You’ve seen cycling classes, boot camps, CrossFit gyms, even trampoline fitness throughout Jacksonville, but have you met the newest addition to enter the fitness scene? Row House is Jacksonville’s very first rowing-based group fitness studio located in the heart of San Marco.
When walking through the door, you enter a lobby full of Row House merchandise to the left and the front desk straight ahead. A kiosk awaits for members to clock in, and a helpful front desk representative is there to assist if you have any questions. They also provide lockers for convenience to place your personal items while working out.
Stepping into the workout studio, you’re greeted with an all-black room full of ergs — yes, the rowing machine has an official name. An erg is preassigned to you after signing up for that class. As a first-time rower, you will receive a crash course for rowing 101. Like having good form in squatting or deadlifting, your form in rowing is just as important. Surprisingly, rowing is similar to deadlifting as in you are hinging at your hips, using your legs for momentum then the arms follow the lead. The main misconception about rowing is that it’s an upper-body exercise. However, rowing is 60 percent lower body, 30 percent core, and 10 percent upper body, making it a total body low impact workout.
“I’d always seen rowing fitness gyms around the rest of the United States,” Head Lead Coach at San Marco Row House Amelia Krug says. “But we didn’t have any in Jacksonville,”
After taking some personal time off to be a mother, Krug began to see pop-up ad for hiring at Row House, and the head coach position piqued her interest.
“This is for me,” Krug affirms. “This is what I want to do. This is going to be my way to get back into coaching again.”
Krug is a self-titled rowing buff. With a long history of rowing experience dating back to age 11, Krug loves all things rowing-related and enjoys combining her passion with her profession.
“Rowing is awesome because it’s cardio with resistance. You get that cardiovascular training so it’s great for your heart but because of the way that weight is applied to the handle it’s also resistance training.”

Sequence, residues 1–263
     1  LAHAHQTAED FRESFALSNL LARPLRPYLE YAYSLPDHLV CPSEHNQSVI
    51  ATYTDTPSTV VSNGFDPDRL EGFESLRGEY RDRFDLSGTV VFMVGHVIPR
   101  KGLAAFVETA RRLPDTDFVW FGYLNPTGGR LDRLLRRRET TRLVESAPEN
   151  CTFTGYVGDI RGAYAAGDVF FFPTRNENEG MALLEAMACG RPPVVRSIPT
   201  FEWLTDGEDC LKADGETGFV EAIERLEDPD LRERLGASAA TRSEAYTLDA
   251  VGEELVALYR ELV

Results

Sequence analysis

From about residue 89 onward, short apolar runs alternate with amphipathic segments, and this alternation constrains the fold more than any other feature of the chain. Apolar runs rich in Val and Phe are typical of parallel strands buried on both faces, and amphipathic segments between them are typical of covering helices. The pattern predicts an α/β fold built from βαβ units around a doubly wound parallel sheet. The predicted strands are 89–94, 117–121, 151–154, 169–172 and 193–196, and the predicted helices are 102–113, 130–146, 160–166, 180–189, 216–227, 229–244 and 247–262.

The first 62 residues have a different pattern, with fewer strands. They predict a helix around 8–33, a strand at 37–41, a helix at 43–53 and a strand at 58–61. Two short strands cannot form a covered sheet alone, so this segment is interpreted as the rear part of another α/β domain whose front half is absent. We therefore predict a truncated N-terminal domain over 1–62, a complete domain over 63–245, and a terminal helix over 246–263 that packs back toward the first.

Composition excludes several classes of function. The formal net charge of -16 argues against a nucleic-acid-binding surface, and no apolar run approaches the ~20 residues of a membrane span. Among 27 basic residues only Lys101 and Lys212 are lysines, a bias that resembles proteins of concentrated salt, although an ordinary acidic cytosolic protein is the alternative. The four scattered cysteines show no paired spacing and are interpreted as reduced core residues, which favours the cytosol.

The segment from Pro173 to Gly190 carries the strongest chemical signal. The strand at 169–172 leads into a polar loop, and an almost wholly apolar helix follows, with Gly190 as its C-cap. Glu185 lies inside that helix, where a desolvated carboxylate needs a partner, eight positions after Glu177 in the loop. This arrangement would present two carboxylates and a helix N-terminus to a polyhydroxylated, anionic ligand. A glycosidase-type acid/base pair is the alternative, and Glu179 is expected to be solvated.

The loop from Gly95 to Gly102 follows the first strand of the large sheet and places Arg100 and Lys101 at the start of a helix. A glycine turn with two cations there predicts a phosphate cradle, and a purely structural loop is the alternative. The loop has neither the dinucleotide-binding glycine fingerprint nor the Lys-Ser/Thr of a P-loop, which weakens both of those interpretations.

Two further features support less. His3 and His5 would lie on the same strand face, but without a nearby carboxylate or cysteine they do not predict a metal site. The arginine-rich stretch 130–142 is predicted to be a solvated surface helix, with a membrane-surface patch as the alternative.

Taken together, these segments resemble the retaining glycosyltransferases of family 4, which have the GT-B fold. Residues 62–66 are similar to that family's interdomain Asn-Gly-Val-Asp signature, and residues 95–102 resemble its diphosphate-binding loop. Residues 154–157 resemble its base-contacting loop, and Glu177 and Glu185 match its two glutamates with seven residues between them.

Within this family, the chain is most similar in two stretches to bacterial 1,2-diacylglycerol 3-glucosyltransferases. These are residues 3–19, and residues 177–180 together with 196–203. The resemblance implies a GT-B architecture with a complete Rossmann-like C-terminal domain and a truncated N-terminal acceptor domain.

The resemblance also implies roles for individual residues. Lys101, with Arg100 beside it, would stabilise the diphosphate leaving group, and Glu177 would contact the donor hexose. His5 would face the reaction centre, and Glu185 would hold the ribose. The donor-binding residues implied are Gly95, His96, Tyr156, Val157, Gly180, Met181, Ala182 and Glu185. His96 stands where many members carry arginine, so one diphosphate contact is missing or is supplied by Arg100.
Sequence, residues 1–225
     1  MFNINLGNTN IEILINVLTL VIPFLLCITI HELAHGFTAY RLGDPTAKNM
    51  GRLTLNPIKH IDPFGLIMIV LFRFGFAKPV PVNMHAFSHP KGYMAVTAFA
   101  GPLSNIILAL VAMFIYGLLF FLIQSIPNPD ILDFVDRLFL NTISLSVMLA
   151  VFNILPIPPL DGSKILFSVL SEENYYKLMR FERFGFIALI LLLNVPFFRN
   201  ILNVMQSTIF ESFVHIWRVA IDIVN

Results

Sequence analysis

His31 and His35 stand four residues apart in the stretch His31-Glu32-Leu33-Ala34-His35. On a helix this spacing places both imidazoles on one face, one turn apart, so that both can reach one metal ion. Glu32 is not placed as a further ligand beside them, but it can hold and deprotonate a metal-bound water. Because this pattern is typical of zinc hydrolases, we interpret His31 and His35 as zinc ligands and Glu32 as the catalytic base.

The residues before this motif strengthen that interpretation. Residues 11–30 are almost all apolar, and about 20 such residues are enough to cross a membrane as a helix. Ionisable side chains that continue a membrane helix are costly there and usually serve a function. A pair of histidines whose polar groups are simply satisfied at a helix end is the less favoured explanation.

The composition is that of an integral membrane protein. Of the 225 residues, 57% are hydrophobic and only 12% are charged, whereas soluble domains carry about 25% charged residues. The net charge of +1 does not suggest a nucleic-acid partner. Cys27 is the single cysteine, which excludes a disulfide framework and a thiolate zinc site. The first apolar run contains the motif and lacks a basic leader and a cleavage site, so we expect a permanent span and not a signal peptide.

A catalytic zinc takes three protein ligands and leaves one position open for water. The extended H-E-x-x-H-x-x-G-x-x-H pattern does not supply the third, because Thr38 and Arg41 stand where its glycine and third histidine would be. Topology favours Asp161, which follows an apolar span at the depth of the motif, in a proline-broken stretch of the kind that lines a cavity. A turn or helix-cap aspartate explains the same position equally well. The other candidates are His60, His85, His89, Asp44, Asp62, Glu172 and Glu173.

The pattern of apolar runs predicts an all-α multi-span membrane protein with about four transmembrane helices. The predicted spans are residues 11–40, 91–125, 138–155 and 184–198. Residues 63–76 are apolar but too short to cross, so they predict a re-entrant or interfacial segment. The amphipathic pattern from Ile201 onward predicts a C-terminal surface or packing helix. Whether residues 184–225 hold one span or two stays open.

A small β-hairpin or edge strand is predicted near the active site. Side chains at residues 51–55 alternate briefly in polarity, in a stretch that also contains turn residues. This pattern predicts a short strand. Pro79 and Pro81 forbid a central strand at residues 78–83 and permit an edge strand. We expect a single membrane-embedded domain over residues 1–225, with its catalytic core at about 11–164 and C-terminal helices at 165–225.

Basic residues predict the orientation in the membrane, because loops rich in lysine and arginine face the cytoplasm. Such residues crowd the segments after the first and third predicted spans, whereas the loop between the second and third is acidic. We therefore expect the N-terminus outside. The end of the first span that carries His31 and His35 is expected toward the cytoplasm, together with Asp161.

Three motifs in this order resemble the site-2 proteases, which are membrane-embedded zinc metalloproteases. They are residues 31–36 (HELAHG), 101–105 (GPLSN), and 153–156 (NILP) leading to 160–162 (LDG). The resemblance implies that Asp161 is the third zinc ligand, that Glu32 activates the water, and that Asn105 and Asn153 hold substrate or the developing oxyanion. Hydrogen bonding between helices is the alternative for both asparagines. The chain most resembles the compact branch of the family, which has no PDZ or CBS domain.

Row House offers six different class types that also incorporate floor work segments with interval training styles fit for beginners to the well-versed crowd.
Inclusivity is Row House’s number one value. As Krug notes, “Our classes are for everybody [and] accessible to everybody. We have members of all ages. We have people who are 20 years old, working out 5-7 days a week, and we have people who are in their 70s and been active their whole life and want to continue to exercise.”
Another benefit of taking a rowing class is the sense of community. As everyone is rowing in sync to the music-driven beats from sweet melodies to the latest upbeat jams, you can feel the energy in the room increase and pulse through each stroke. Without words, the atmosphere motivates you to work harder – even though Coach Krug does a good job of feeding into that too.
“You feel the support of community in the room. You are encouraged just by the peers that are next to you. We’re all in it together. It’s been amazing to see people work together for something bigger than just their own personal goals.”
Krug advises it’s best for someone looking to begin their fitness journey by picking an activity they enjoy during a time they can fulfill.
“Row House is a great environment for beginners because the rowing machine is effort-based. You get what you put into it. Because it is effort-based, you are in control of how hard your workout is. When you first join, you’re not going to row as many meters in your workout as what you would six months from now because you’re going to learn how to work harder.”
Most people come to the studio with a general feeling of uncertainty because rowing is not something that they’ve done besides a couple of rows here and there in the gym but not for a prolonged period of time. Rowing is about adapting and building confidence while making progress. Krug loves to see people grow an appreciation for rowing and as a coach, it excites her to see others reach goals they didn’t think they could attain.
“People are learning so much about rowing and everyone feels accomplished after they finish a class because, in the beginning, they didn’t think they could do it.”
Join in on the fun by attending a class and test your rowing skills. You might surprise yourself. Row House is currently open, but the official grand opening weekend is August 26-29. Come out and enjoy member events, free classes, giveaways and more. It’s going to be a be a big party for four days straight.